An 85-year-old woman with moderate Alzheimer’s disease who enjoys walking in her nursing home’s garden with her walker has fallen and broken her hip. An advance directive signed by the patient states a preference for “Comfort Measures Only,” and specifically states that she does not want to be transferred to the hospital. The physician believes that surgery would provide long-term pain relief and the chance to maintain some mobility.
What do you do? How do you reconcile her previously expressed hypothetical wishes in an Advance Directive with what is now a rather unanticipated scenario?
In a paper published recently in JAMA Internal Medicine, Alex Smith, Bernard Lo, and Rebecca Sudore developed a 5-question framework to help physicians and surrogates through the decision making process in time like this. The framework proposes 5 key-questions to untangle these conflicts:
- Is the clinical situation an emergency?
- In view of the patient’s values and goals, how likely will the benefits of the intervention outweigh the burdens?
Shortly after I was diagnosed with inflammatory breast cancer a scan showed a hot spot on my lower spine. Was it the spread of cancer? My oncologist scheduled a bone biopsy at my hospital, Maimonides Medical Center, in order for us to find out.
A few days before the procedure, I went in for preadmissions testing. As part of my formal intake, in addition to collecting my insurance information and poking and prodding me a few times, the nurse asked me if I would like to fill out an advance directive. This was not because she was a miraculous oracle who knew the outcome of my biopsy, which would leave me with a Stage IV diagnosis. No, her question was merely standard procedure. I said yes, and shortly, a specially trained social worker arrived to walk me through the process.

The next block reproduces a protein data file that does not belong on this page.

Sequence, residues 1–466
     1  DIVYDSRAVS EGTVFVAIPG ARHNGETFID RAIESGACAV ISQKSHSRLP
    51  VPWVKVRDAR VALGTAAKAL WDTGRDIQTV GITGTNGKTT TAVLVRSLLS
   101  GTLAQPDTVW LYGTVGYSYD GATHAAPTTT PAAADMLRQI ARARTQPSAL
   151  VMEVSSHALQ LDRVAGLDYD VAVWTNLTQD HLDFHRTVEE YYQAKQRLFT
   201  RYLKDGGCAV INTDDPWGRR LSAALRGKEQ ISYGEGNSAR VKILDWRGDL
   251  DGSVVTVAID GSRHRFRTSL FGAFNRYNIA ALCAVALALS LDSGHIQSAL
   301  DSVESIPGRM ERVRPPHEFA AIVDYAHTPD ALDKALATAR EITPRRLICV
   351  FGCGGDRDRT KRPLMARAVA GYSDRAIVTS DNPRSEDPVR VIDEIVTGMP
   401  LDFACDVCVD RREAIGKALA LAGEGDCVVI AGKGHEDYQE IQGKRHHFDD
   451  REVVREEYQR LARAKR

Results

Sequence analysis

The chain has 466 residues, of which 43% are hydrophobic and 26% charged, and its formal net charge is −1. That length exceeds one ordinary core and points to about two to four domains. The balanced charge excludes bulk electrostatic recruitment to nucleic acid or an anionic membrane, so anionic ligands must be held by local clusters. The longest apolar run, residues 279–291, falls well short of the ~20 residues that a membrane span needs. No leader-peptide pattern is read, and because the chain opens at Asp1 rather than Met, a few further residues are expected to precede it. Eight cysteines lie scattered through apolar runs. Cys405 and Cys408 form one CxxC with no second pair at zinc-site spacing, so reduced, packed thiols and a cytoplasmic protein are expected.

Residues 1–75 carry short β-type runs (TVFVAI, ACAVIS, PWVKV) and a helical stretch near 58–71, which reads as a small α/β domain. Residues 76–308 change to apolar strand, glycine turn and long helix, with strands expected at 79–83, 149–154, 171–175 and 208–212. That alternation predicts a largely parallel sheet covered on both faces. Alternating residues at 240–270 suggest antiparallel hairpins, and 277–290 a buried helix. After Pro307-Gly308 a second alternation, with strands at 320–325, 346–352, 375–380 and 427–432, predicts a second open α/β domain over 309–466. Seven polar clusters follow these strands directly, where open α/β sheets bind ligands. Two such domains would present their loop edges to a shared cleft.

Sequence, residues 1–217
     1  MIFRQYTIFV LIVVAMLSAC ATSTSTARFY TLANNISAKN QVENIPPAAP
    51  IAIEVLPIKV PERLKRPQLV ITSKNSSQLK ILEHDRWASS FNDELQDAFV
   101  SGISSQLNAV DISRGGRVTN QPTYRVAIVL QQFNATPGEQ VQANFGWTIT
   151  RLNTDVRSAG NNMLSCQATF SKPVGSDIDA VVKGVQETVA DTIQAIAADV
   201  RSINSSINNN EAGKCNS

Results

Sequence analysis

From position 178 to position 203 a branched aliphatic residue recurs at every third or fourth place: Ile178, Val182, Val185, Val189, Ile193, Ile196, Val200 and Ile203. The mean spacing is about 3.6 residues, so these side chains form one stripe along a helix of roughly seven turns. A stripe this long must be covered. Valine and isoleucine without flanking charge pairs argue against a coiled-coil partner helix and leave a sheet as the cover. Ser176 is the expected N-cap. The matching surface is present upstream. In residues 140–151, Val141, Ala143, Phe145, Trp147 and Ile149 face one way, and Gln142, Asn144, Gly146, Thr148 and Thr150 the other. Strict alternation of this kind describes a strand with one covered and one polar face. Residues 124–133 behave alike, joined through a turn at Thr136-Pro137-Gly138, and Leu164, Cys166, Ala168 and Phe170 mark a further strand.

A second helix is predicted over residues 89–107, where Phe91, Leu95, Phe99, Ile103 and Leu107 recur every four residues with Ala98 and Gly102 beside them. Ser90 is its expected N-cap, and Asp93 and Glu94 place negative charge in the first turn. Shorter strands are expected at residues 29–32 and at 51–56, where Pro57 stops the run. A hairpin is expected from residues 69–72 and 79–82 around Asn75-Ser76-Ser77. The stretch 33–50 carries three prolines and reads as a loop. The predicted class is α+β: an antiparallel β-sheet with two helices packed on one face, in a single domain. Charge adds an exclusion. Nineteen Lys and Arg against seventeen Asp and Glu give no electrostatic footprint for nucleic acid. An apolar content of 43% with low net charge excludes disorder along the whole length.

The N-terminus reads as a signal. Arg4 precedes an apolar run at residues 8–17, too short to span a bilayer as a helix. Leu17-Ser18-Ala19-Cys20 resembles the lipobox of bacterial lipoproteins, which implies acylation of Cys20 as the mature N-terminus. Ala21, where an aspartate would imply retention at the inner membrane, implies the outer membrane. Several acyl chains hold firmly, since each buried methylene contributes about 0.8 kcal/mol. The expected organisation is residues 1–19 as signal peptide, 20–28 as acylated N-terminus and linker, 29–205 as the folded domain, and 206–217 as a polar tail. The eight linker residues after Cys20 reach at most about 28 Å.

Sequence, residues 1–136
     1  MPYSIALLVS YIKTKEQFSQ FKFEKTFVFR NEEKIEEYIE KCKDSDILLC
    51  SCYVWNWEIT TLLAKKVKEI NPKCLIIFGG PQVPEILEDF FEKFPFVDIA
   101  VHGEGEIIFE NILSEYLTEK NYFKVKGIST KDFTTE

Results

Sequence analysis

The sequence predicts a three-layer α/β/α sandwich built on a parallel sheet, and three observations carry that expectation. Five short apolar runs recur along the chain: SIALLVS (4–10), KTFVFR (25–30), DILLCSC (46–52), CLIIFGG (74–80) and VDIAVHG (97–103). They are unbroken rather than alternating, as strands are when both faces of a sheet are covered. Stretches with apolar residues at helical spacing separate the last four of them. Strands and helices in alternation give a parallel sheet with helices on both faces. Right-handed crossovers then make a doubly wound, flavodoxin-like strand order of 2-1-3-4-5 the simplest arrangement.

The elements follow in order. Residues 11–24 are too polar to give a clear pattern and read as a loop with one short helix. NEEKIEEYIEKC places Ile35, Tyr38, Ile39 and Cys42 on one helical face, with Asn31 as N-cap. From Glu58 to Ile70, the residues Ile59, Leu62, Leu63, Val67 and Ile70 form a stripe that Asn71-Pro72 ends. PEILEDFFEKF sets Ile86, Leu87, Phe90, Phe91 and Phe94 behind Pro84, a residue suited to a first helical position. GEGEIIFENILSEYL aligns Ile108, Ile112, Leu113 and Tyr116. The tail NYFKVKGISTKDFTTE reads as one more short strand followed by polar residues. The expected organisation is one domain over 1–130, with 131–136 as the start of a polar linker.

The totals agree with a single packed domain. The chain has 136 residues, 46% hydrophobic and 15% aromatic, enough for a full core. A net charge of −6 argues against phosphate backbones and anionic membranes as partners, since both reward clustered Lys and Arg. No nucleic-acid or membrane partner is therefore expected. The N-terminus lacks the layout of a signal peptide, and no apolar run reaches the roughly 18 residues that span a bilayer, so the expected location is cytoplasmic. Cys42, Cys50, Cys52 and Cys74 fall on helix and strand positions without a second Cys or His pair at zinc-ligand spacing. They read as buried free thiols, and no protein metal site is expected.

A cheerful young woman reminiscent of camp counselor sat down next to me with papers neatly attached to her clipboard. The first step, she explained, is appointing a health care proxy, someone you trust to make health decisions for you should you become incapacitated. Being a nurse, I knew this, but it was comforting having someone there with me while I filled out the form. I chose my mother. Since my diagnosis, she and I had had numerous conversations about what I wanted should my disease progress and take away my quality of life. I trusted that she would respect my wishes, even if that meant making painful decisions as my disease progresses.
There is another form of advance directive that I haven’t completed yet—but will—with the assistance of that same social worker. It is nationally known as the POLST or Physician Orders for Life Sustaining Treatment. Developed in Oregon and disseminated by the California Healthcare Foundation, POLST turns the treatment wishes of seriously ill individuals into physician-signed medical orders that the health care team must follow.